Portrait Collage for kids. Local artist Rebecca Kinkead will host this 45-minute workshop on Sunday, Aug. 9, at 2 p.m. Rebecca will guide participants in creating their own portraits in collage. Parents are encouraged to help/participate. The workshop will take place on ZOOM and required materials are things you already have at home. For this project, all you need to do is show up with an open mind, playfulness, willingness to unwind and a few materials from around your house: Any medium you can draw or paint on (paper, toilet paper, etc.); a magazine or something you can cut up; scissors (optional); pen, paint, marker, crayon, colored pencil, or other tool for coloring (if you have it); glue (if you have it); mirror, front-facing phone camera, or your video on Zoom. The fee for the workshop is $5. To register and for the Zoom link go to henrysheldonmuseum.org.
Play with Your Food contest. University of Vermont Extension 4-H is sponsoring a free Edible Art Contest this summer to inspire kids, 8 to 18, to get creative with their food. There are five categories in the competition:
• Food on the Vine (or Shelf): Take a photo of vegetables or fruits that are either still growing in a garden, field or orchard, or that have been harvested but not yet prepared for serving.
• Silly/Fun Food: Decorate a ready-to-eat food, such as a rice cake or waffle, with other foods or alternatively, use food to create a picture or work of art.
• Cake Decorating: Any size or type of cake may be decorated.
• Main Course or Dessert Plating: Submit a photo of a meal or dessert artistically arranged on a plate. Everything (except the plate) must be edible. The presentation should take color, texture and patterns of different foods and sauces into consideration to create a visually pleasing arrangement.
• Food Prints or Tie Dye: Use fruits and vegetables to make either prints or dyes to decorate a sheet of paper, a T-shirt or other item.
Participants may enter all five categories although only one entry is permitted per category. Entries will be evaluated on artistry, individuality and creativity with feedback provided. Participants must take a photo of their entry and email it to email@example.com by 11:59 p.m. on Aug. 10. Each entry must be submitted in a separate email and include name, age and hometown in the body of the email. More info at go.uvm.edu/edible-art. To request a disability-related accommodation to participate, contact Rose Garritano at firstname.lastname@example.org or 802-651-834, ext. 505, by July 31.
Connect with a hunting mentor. The Vermont Fish and Wildlife Department is offering a new way for Vermonters to get started hunting through its recently established mentorship program, “Learn to Hunt: Mentor Meet-Ups.”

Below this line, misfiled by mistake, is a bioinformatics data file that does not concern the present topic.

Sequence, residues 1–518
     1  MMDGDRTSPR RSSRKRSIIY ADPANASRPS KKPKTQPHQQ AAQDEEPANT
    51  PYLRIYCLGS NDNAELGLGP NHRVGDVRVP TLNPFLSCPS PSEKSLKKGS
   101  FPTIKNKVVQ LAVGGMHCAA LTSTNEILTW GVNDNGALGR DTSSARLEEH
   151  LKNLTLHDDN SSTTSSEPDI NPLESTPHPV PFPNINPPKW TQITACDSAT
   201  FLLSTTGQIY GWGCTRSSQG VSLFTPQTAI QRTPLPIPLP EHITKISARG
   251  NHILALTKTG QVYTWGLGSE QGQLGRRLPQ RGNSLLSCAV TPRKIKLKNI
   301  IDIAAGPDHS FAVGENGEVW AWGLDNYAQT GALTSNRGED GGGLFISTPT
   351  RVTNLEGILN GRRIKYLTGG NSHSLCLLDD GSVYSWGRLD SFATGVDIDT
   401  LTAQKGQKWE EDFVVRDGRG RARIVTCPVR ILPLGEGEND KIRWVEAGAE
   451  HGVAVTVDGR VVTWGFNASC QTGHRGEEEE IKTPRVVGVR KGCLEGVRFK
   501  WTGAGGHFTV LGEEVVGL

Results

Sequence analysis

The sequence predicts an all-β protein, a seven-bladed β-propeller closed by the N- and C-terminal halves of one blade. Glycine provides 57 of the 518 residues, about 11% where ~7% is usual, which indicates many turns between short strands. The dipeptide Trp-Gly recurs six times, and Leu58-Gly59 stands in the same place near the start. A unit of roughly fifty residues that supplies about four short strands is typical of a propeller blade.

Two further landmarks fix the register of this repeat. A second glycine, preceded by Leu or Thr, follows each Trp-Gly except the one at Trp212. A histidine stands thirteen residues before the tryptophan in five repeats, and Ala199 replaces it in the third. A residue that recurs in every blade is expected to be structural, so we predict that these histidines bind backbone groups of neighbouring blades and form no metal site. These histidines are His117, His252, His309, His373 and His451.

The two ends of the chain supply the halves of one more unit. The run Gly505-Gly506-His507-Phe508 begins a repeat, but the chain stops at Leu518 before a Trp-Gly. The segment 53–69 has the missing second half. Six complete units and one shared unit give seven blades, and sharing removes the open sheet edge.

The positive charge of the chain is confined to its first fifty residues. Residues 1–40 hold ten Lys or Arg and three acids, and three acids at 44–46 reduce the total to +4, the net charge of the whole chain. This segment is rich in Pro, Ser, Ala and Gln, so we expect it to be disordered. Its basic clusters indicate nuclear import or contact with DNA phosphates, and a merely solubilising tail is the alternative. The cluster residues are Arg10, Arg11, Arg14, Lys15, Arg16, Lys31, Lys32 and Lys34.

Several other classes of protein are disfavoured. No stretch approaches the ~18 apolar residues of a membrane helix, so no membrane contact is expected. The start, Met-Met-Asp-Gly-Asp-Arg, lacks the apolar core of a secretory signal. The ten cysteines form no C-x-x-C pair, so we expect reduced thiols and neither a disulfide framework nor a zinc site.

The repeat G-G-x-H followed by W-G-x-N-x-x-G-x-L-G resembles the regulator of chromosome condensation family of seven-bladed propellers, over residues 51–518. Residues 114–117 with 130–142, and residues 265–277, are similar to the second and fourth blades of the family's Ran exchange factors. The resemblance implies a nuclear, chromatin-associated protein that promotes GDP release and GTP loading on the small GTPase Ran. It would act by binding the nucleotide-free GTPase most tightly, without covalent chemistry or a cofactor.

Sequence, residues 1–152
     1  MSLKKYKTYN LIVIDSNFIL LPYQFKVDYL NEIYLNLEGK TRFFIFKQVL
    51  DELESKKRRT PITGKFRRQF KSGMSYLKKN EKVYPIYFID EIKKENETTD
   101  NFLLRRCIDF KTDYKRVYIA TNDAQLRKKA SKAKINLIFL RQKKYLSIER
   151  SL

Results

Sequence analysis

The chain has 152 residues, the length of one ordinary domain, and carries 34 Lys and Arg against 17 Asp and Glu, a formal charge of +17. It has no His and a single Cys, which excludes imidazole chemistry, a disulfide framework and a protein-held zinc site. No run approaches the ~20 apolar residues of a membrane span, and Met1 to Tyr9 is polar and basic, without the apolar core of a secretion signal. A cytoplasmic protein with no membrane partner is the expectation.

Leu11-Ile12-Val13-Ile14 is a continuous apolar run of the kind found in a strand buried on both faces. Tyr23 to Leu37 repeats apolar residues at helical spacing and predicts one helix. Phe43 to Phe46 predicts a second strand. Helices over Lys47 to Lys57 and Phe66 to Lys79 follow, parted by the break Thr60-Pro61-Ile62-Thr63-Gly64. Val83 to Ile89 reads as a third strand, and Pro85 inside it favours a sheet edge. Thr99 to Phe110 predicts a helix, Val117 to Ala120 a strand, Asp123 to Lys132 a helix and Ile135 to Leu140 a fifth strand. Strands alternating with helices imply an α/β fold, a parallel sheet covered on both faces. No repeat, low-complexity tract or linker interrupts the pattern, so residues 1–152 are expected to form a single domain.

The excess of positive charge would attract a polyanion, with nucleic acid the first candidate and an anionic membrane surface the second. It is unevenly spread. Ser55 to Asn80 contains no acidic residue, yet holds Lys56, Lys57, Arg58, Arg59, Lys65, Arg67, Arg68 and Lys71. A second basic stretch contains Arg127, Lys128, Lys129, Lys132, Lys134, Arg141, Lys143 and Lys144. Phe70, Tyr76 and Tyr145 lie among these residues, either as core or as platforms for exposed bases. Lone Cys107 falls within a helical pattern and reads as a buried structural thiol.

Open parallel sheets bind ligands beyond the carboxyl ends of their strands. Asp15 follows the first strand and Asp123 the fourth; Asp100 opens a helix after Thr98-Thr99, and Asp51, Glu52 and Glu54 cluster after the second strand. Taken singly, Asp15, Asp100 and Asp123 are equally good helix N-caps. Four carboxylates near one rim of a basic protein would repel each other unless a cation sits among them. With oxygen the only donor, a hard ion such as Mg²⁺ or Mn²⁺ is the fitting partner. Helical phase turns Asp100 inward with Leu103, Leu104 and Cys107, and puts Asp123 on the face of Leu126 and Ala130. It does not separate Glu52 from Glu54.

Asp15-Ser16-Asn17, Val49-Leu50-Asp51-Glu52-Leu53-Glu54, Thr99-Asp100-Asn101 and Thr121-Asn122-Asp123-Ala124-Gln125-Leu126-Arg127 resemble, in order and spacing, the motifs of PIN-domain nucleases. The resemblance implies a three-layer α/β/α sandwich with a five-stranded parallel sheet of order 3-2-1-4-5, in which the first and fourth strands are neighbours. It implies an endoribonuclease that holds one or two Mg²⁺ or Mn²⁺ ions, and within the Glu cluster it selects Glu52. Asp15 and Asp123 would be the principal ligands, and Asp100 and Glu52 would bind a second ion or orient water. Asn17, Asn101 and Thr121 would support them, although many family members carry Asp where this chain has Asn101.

The free, interactive, two-part program is designed for hunters over the age of 16 to pair with experienced mentors at a meet-and-greet this summer followed by a guided hunt this fall. Objectives are for new hunters to learn safe hunting practices, hunting strategies, hunting regulations and season dates. They will be able to apply what they have learned in a mentored hunt. The goal is to eliminate the barrier to entry many new hunters face.
Interested hunters and mentors can attend one of the two meet-up sessions scheduled for Thursday Aug. 6, from 5-8 p.m. at Kehoe Conservation Camp or Saturday Aug. 8, from 9 a.m. to noon at Buck Lake Conservation Camp.
Sign up at register-ed.com/programs/vermont/133-vermont-fish-and-wildlife-seminars. For more information email HunterEducation@vermont.gov.
To protect the health and safety of all participants, physical distancing requirements will be in place. All participants must also wear a face covering at all times. Masks will not be provided, and participants should bring their own. Limited spaces are available, and registration is required. The deadline to enroll is a week prior to the scheduled session.
Make a portrait collage. The Sheldon Museum will offer a live Portrait Collage Workshop for adults on Thursday, July 30, at 6 p.m. Participants will join local artist Rebecca Kinkead who will guide them in creating their own portraits in collage. The workshop will take place on Zoom and required materials are things you already have at home. Another collage workshop for kids is planned for August. The fee for the workshop is $10/person. To register online and for further information, go to henrysheldonmuseum.org or email email@example.com.
Make It Together: Square-foot Safari. Take a close-up look at what’s right nearby in a new way with this simple project.
Four strips of 1-inch by 12-inch paper or cardboard (a collapsed cereal box or file folder would do)
Magnifying glass (optional)
Drawing paper/pad and pencil (optional)
Steps: Lay the strips out to form a square. Glue the corners for stability. Find a comfortable section of lawn and put the square down to frame a spot to get down and closely observe what’s in the square. What’s going on there? Take your time, really look under the layers, and imagine living in that world. Use a magnifying glass, if you have one, or just use your imagination. If you like to draw and sketch, try capturing all the new things you see by looking in a new and focused way.
Take in a concert and some strawberry shortcake. The Shoreham Congregational Church will hold an outdoor concert and strawberry mini-festival on Saturday, July 25, from 6-8 p.m. at the Gazebo at the Town Green in Shoreham. The concert will feature Romy and Ben Munkres of Cornwall. A free-will offering to support their musical endeavors will be accepted. The strawberry mini-festival, held at the same time, will be take-out only and feature only the church’s famous strawberry shortcake with Vermont strawberries and real whipped cream for $6, and bottled water will be available for an extra $1. Patrons will follow one-way traffic through the lower floor of the church to pick up their shortcake, and bring it outside to eat as they enjoy the music.